• Therapeutic plasma exchange (approximately 5).

  • There is no prospective study on plasma exchange for CAPS. However, a review of the first 250 patients entered into a CAPS registry noted that the combination of plasma exchange, anticoagulation and steroids resulted in an overall 78% survival.

  • Once stabilized, patients should be transitioned to warfarin to maintain INR of 3.0 for lifetime.

  • If patient is not responding to above regimen, in addition to therapeutic plasma exchange one can consider appropriately timed IVIG.

5. Disease monitoring, follow-up and disposition

Expected response to treatment

Prognosis is poor, but as noted above the combination of anticoagulation, steroids and therapeutic plasma exchange has improved mortality. If patients survive CAPS, there is no specific risk for recurrence. Lifetime treatment with warfarin anticoagulation is recommended.

Monitoring

Continuous monitoring of patient for new thromboses and the development of worsening throbocytopenia or hemolytic anemia is very important. In addition, continued evaluation to exclude other causes of microangiopathy should be performed.

Follow-up

Patients will need long-term follow-up with a hematologist or rheumatologist if the underlying disease is lupus.

Pathophysiology

Presumed mechanism (not well understood)

  • Antiphospholipid antibody interference with endogenous anticoagulant mechanisms:

  1. Disruption of the annexin A5 anticoagulant shield.

  2. Inhibition of protein C pathway.

  3. Inhibition of antithrombin.

  • Binding and activation of platelets.

  • Interacting with endothelial cells, inducing expression of adhesion molecules and tissue factor.

  • Activation of complement cascade.

Epidemiology

Half of the patients have not had a previous thrombosis prior to the presentation of CAPS. Therefore, the absence of a history of previous thrombotic events does not preclude the diagnosis. Patients with systemic lupus erythematosus have the highest risk of having underlying antiphospholipid antibodies. Other precipitating factors for CAPS include infection, oral contraceptive use and surgery.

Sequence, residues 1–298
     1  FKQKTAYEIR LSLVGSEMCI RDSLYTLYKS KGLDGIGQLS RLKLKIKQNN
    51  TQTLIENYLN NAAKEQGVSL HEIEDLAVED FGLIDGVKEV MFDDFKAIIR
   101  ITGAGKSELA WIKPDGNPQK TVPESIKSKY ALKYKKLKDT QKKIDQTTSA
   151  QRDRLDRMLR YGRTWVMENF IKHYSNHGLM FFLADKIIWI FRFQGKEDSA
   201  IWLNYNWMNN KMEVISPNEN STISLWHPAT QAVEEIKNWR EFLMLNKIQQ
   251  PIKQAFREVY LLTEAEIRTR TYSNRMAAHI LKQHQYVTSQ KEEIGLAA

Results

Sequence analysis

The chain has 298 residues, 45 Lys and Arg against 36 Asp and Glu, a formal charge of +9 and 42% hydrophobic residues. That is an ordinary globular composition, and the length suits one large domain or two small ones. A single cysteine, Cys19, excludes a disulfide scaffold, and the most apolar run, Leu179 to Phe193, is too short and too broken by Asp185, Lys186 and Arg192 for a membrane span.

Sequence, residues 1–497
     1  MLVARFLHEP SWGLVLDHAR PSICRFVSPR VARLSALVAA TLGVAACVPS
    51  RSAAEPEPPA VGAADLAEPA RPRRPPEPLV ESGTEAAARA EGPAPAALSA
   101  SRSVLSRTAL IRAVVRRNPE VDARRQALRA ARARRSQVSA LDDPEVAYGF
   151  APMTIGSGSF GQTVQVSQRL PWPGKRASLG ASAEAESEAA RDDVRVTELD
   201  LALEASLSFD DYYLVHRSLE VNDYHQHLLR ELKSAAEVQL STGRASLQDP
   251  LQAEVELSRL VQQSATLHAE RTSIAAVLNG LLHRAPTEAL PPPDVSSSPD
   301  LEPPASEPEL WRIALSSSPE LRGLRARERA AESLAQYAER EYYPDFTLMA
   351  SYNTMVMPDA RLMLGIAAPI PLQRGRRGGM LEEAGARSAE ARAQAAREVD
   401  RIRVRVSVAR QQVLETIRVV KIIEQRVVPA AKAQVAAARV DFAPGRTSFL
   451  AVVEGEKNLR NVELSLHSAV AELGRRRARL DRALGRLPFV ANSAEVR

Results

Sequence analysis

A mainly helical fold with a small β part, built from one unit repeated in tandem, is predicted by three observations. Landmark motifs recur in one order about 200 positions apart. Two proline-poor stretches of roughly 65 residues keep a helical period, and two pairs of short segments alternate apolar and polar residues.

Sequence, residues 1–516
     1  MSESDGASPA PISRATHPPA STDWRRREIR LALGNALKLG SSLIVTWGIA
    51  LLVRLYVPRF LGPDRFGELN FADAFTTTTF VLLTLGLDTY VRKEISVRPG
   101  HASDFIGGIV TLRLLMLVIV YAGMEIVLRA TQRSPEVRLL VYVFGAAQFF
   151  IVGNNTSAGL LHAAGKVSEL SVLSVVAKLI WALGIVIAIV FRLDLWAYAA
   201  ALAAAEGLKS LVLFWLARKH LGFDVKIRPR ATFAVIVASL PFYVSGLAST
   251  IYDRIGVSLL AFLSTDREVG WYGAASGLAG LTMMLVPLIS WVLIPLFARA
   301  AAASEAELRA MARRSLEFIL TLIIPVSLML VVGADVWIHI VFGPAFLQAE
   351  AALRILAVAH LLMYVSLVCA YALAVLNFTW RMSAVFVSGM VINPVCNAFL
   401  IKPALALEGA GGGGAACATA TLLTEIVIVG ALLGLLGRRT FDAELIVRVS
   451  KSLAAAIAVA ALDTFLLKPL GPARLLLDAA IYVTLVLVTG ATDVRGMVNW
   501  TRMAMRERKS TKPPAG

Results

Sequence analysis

Prognosis

N/A

Special considerations for nursing and allied health professionals.

N/A

What's the evidence?

Erkan, D. "Catastrophic antiphospholipid syndrome: Updated diagnostic algorithms". Autoimmun Rev. 2010.

(A comprehensive, up-to-date discussion of the diagnostic challenges associated with CAPS and a proposed diagnostic algorithm. This paper reviews the new criteria for CAPS and lists the new Sapporo criteria for APS. There are three very nice algorithms for the diagnosis of CAPS based on clinical and laboratory findings.)

Asherson, RA, Cervera, R, Piette, JC. "Catastrophic antiphospholipid syndrome. Clinical and laboratory features of 50 patients". Medicine (Baltimore). vol. 77. 1998. pp. 195-207.

Asherson, RA, Cervera, R, Piette, JC. "Catastrophic antiphospholipid syndrome: clues to the pathogenesis from a series of 80 patients". Medicine (Baltimore). vol. 80. 2001. pp. 355-77.

(The 1998 paper is a landmark paper in the history of characterization of this syndrome, and the 2001 paper is a follow-up.)

Lockshin, MD, Erkan, D. "Treatment of the antiphospholipid syndrome". N Engl J Med. vol. 349. 2003. pp. 1177.

(A review of the treatments for CAPS.)

Bucciarelli, S, Espinosa, G, Cervera, R. "Mortality in the catastrophic antiphospholipid syndrome. causes of death and prognostic factgors in a series of 250 patients". Arthritis Rheum. 2006. pp. 54-2568.

(A review of the first 250 patients entered into the international CAPS registry, with treatment outcomes. This paper is being used as the primary reference for treatment of CAPS with therapeutic plasma exchange.)

Erkan, D, Asherson, RA, Espinosa, G. "Long-term outcome of catastrophic antiphospholipid syndrome survivors". Ann Rheum Dis. vol. 62. 2003. pp. 530.

(This paper describes the long term (>5 years) outcomes in 136 patients with CAP and the proportion who relapse.)